NHS Protect has this week announced that lack of funding and resources are the main barriers to improving the safety of their lone workers. In a questionnaire about protection levels, 62% of NHS employers said that they didn’t have the money or resources to make any improvements in the near future.
An alternative article from Nursing Protect highlighted that with nearly one quarter of lone workers in the mental health sector having been assaulted, the need for an increase in protection is vital. The survey suggested that there was a correlation between those using paid for lone worker safety devices and a lower assault rate on staff.
In light of the increasing mobility of NHS workers and the provision of more services out in the community, NHS Protect wanted to find out how well protected lone workers are. The results indicated that the levels of protection provided for lone workers vary
Provisional annual data for work-related fatal accidents in Great Britain’s workplaces shows small change from previous years, sustaining a long term trend that has seen the rate of fatalities more than halve over the last 20 years.
Data released by the Health and Safety Executive (HSE) reveals 142 workers were fatally injured at work between April 2014 and March 2015 (a rate of 0.46 fatalities per 100,000 workers). This compares to last year’s positively low figure of 136 (0.45 fatalities per 100,000 workers). Fatal injuries at work are thankfully rare events and as a consequence, the annual figures are subject to chance variation.
The statistics again confirm that the UK is one of the safest places to work in Europe, having one of the lowest rates of fatal injuries to workers in leading industrial nations.
However, HSE’s Chair Judith Hackitt points out that every death is a tragedy: ‘It is disappointing last year’s
According to a recent survey carried out by the Royal College of Nursing (RCN), almost half of community nurses have been victims of abuse within the last two years. 11% of those have faced physical abuse or assault as well as verbal abuse.
With around 68,595 community nurses in the UK, this equates to a staggering 32,640 subjected to abuse. Unless an appropriate solution is sought, the number will increase in accordance to the rising number of lone working nurses.
Reacting to findings of the survey, RCN Chief Executive and General Secretary, Dr Peter Carter commented: ‘It is horrifying to hear of a worsening situation, and one where people who go to work each day to care for people end up feeling alone, afraid and under attack instead. It is hard to give the best care when you go to work in fear – and we really need all employers to take the safety of their staff seriously.’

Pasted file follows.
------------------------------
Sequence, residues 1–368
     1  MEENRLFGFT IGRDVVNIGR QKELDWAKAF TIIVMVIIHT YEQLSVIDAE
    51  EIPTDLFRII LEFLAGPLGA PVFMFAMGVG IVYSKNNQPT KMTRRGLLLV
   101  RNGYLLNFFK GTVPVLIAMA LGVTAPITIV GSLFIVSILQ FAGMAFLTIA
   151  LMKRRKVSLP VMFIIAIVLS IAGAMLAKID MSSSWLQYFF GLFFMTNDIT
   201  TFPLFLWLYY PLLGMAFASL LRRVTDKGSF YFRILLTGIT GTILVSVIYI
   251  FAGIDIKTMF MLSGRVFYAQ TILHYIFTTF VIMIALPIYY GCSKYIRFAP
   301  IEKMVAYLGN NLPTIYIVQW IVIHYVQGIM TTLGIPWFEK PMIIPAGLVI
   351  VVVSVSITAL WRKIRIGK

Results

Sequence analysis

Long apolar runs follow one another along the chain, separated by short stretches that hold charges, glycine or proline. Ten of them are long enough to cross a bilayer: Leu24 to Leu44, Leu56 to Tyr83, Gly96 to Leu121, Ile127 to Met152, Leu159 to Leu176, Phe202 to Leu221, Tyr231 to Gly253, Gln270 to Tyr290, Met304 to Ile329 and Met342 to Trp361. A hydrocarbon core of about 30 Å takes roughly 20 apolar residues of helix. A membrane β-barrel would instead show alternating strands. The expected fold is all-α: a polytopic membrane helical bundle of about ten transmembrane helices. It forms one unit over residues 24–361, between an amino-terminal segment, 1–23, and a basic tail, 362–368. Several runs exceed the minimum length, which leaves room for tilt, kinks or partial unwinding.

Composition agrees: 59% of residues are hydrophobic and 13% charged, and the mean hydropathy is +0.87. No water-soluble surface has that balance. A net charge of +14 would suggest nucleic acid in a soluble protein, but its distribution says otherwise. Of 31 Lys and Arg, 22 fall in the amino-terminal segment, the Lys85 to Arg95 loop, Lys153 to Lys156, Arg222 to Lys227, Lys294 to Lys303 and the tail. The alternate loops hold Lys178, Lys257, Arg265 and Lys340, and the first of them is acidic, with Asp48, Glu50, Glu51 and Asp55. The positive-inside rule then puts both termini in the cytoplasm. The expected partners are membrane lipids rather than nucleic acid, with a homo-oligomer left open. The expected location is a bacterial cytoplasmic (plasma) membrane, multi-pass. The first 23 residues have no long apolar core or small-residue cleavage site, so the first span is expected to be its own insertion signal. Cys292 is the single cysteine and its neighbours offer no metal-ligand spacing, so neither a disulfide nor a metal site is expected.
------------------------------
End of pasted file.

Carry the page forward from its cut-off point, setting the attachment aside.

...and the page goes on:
Dr Carter went on to say: ‘Sadly, it seems
It is often questioned whether or not it is safe to work alone when working with the public, especially in roles that require you to enforce rules.
A recent incident at Clapham Junction station saw a lone working member of staff assaulted when performing his duties. The victim, who works on the platform at the over ground station requested that the attacker did not board the train with his bicycle during rush hour, unless he was prepared to travel in the last carriage. After the situation escalated, the attacker subsequently became aggressive, punching the rail worker in the face. Detective constable Denis Mahoney said: “The victim sustained several cuts, including one above his eye which required stitches”.
This poses the question as to whether or not lone working is suitable when the risk of assault or attack is relatively high. According to a 2015 investigation by the BBC, there has been a 44% rise in assaults on
A report by the UK commission for Employment and skills (UKCES) warns that the demand for staff will far outstrip availability in both the NHS and social care over the next few years. According to the report, progression bottlenecks could limit the supply of appropriately skilled workers whilst demand in both sectors continues to grow.
This places enormous pressure on current health and social care workers, forcing them to work long hours to cope with workload. Subsequently, errors could be made while performing day to day duties, putting lone workers at greater risk of injury or attack. Could the overriding pressure on such workers be jeopardizing their safety?
By 2022, the health and social care sector needs to train and recruit over 2 million more workers to satisfy demand. 2.1 million (67%) of these are needed to replace workers leaving existing roles. The research also highlights that a larger than average proportion of workers in the sector are aged between 50 to